Congressman's Aide Denies Giving Religious Divorce to Estranged Wife Tamar Epstein

Aharon Friedman Denies Report of Get, Source Says

Published December 20, 2013.
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A source close to Aharon Friedman, the estranged husband of Tamar Epstein, is denying a report that he has granted his wife a religious writ of divorce, or get.

This week, the Organization for the Resolution of Agunot, or ORA, issued a flyer and fundraising call announcing that “Tamar is Free,” leading to an erroneous JTA report that Epstein’s case was resolved with the awarding of a get. According to Orthodox law, a divorce is not complete until a husband gives his wife a get; women whose husbands refuse them gets are known as agunot, or “chained” wives.

Though the couple was divorced in civil court years ago, Friedman, an aide to Rep. Dave Camp (R-Mich.), chairman of the U.S. House of Representatives’ Ways and Means Committee, has been the subject of a years-long campaign by Epstein and her advocates to shame Friedman into giving Epstein a get.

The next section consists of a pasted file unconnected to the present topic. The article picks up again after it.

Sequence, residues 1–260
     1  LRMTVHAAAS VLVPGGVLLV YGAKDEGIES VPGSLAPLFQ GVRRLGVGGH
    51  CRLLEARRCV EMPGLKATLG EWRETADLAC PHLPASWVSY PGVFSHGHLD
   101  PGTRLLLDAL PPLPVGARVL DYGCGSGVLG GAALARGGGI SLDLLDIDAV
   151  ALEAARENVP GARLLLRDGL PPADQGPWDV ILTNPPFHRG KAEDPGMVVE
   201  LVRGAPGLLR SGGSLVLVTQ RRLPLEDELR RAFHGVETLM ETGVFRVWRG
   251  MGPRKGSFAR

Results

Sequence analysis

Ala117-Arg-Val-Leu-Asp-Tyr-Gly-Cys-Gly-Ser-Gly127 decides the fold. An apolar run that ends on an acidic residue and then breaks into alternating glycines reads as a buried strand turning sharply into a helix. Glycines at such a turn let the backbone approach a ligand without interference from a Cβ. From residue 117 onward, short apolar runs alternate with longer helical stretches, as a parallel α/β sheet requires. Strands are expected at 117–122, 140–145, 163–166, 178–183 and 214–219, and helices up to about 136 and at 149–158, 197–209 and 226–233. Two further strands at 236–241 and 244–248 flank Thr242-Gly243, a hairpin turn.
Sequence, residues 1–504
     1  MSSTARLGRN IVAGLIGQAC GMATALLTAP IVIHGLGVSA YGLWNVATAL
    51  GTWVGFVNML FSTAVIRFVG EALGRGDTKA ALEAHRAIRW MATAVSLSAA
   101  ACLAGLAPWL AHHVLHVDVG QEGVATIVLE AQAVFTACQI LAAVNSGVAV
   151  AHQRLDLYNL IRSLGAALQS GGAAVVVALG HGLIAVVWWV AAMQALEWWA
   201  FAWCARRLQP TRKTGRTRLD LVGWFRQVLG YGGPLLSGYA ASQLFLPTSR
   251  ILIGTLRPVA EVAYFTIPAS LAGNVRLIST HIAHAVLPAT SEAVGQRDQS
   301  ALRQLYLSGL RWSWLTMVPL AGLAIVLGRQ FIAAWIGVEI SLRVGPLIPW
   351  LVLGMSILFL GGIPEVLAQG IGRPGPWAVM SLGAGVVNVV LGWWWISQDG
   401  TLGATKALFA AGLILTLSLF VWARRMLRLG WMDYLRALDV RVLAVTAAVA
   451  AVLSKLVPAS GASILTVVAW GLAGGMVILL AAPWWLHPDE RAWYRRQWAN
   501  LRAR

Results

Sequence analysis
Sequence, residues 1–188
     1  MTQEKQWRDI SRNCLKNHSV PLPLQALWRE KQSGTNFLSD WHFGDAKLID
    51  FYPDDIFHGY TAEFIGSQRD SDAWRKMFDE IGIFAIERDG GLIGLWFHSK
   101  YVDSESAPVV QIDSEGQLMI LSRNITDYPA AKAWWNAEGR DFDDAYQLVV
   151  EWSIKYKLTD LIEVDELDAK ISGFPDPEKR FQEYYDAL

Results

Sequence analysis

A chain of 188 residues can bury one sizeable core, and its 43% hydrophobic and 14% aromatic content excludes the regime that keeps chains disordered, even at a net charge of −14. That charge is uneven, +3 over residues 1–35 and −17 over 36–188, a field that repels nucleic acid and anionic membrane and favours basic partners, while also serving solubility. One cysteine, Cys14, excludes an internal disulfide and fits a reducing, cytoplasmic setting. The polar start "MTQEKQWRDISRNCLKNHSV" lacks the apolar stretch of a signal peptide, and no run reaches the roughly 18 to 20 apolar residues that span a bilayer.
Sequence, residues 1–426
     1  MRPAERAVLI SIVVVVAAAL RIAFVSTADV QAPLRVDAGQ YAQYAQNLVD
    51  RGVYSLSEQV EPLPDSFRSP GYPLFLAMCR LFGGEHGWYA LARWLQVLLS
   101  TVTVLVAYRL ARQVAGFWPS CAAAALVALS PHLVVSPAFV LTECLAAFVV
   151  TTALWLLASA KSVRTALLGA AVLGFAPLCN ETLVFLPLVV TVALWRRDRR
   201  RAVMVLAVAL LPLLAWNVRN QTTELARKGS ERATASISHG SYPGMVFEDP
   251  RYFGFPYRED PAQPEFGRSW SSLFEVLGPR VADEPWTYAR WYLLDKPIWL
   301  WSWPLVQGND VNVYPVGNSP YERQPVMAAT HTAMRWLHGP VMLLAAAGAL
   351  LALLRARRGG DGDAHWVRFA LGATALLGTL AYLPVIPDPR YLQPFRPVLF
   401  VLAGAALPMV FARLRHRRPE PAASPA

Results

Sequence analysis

On Friday, the source close to Friedman told JTA that he did not give Epstein a get and that ORA was lying or deliberately misleading the public. Friedman declined to speak on the record to JTA.

When contacted by JTA, Meira Zack, assistant director of ORA, pointedly refused to say whether or not Epstein had been given a get and did not explain why the organization considers Tamar “free.” Zack maintains that ORA was authorized by Epstein to make the announcement. Epstein could not be reached for comment.

“All I can say is that Tamar is now free and the case is resolved from our end,” Zack told JTA. “We are not in a position to share more information at this time at Tamar’s request. We have been very careful in saying simply that the case has been resolved. Any other suppositions that people have made have been their suppositions.”

Aside from the granting of a get, the only other means for freeing Epstein from her husband according to Orthodox law would be through an annulment of the marriage by a religious court — an extraordinary move that in Epstein’s case likely would be subject to dispute.


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